I made an epic 5 brewery crawl while in Toronto. Based on a friend’s recommendation, we started at Kensington for a flight (my only flight of the day). Each brewery after that, I went straight for full pours of each beer. It was quite hot and while Blood Brothers was one of my favorites of the bunch, I would not recommend visiting them on a hot day as they didn’t have any air conditioning. Part 2 of the day will be posted in a future post.
Kensington is a small tasting room in the Kensington market area. They have solid beers and I enjoyed most of what I had on the flight. I started with Tuckerbox, a delicious tart saison with notes of passionfruit, candied lemon, and a light tart finish. It was a nice balanced beer and one of the first saisons of the trip that didn’t taste like white wine. Comparatively, the fruited kettle sour called Convergence was tart and tropical with mild puckering tartness, nice creamy head, and a lightly salty finish. Both were quite nice
The pale ale was soft and had tons of tropical fruit and citrus hop flavor with a light bitter finish and a mild amount of haze. My friends both ordered this beer and they both enjoyed it as well. The IPA was a bit ore malt forward and the hops tended more for the piney and resinous flavors. It was bitter and dry on the finish and just attenuated enough to be a proper west coast IPA.
We sat outside on this hot day at Bellwoods in the patio that was mostly in the shade. I learned a long time ago that it isn’t a good idea to order a tasting flight when sitting outside in the heat so we each stuck to full pours here. The hazy IPAs and milkshakes at the table held up to the quality that I remember from my last visit a year ago. I ordered a beer called Runes, featuring simcoe and sterling hops. The beer had a nice mix of ripe melon and tangerine with low hop acidity and a mild lingering herbal bitterness.
Bellwoods continues to be a place to go for tons of hazy IPAs, sour hazy IPAs, and fruited milkshake IPAs. They also have a variety of barrel aged beers available to drink on site, some sours, and some big stouts.
To see the remainder of breweries from this day’s fun, check back next week for Halo, Blood Brothers, and Burdock.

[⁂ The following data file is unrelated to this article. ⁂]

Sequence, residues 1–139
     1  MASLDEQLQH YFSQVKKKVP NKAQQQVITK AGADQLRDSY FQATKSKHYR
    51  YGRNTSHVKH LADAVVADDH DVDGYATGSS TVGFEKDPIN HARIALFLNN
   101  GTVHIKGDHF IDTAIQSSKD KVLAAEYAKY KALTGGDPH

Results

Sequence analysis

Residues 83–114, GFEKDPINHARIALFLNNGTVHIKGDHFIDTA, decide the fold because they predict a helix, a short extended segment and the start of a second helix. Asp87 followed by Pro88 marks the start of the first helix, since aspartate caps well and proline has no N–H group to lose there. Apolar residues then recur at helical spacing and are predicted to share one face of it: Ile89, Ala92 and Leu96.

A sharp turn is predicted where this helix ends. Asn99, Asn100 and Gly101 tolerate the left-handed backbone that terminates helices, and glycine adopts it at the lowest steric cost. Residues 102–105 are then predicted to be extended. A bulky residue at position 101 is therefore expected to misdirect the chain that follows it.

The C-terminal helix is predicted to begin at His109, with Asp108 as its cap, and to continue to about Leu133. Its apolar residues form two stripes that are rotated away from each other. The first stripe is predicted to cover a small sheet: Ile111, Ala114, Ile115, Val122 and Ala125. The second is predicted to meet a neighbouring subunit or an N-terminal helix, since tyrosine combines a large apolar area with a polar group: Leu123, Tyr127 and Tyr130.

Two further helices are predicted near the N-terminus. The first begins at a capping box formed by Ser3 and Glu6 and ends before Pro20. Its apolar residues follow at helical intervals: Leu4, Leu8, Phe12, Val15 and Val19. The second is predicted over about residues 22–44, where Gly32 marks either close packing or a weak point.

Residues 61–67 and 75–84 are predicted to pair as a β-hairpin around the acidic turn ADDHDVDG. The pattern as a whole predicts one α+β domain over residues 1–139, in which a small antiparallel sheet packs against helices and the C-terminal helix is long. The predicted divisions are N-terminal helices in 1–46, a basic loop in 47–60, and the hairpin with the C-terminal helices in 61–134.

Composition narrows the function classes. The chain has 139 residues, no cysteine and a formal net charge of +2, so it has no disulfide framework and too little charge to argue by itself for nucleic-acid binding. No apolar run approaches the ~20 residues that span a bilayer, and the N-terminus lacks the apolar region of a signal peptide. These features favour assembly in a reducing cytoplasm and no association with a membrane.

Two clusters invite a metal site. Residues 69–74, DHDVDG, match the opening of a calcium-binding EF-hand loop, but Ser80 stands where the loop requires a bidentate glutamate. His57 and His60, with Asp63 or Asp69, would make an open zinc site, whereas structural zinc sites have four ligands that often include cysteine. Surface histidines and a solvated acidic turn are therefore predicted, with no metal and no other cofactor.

Collective Arts is about an hour outside of Toronto so it is best visited on your way back from Niagara if you are going out there. It is a fairly small tasting room and you can tell that a lot of the people are just stopping by to grab a few cans and take them to go. If you are visiting Toronto you can easily find their beers around town on tap or in the LCBO so only the most devoted should take the trip out to the brewery. Even a few beers you can’f find in cans are generally available on tap somewhere.
I started with a taster flight before having a full pour. I got the gose and three IPAs to start. The gose was nice and complex with mild lemon notes, light tart finish and subtle funk. Of the three IPAs on my initial flight, life in the clouds was by far my favorite. State of Mind was a solid IPA with notes of melon and bubblegum with a bitter dry finish.
Ransack the Universe was herbal and dry with a prominent lingering bitterness that was a bit too much for my tastes. Life in the Clouds was creamy with prominent tropical fruit, guava, and grapefruit notes and a mild bitter finish. This is a solid hazy IPA.
I finished with a full pour of their Brut IPA. It was super carbonated and dry like you would expect but also prominently featured herbal hop flavor. Though I would have preferred different hops it was well made for the style.
Collective Arts had some solid IPAs but nothing was so much better than the other breweries in Toronto that I would visit the brewery directly again. The quality was in line with most of the other Toronto breweries. The tasting room had air conditioning and wasn’t too loud when I visited fairly early in the day.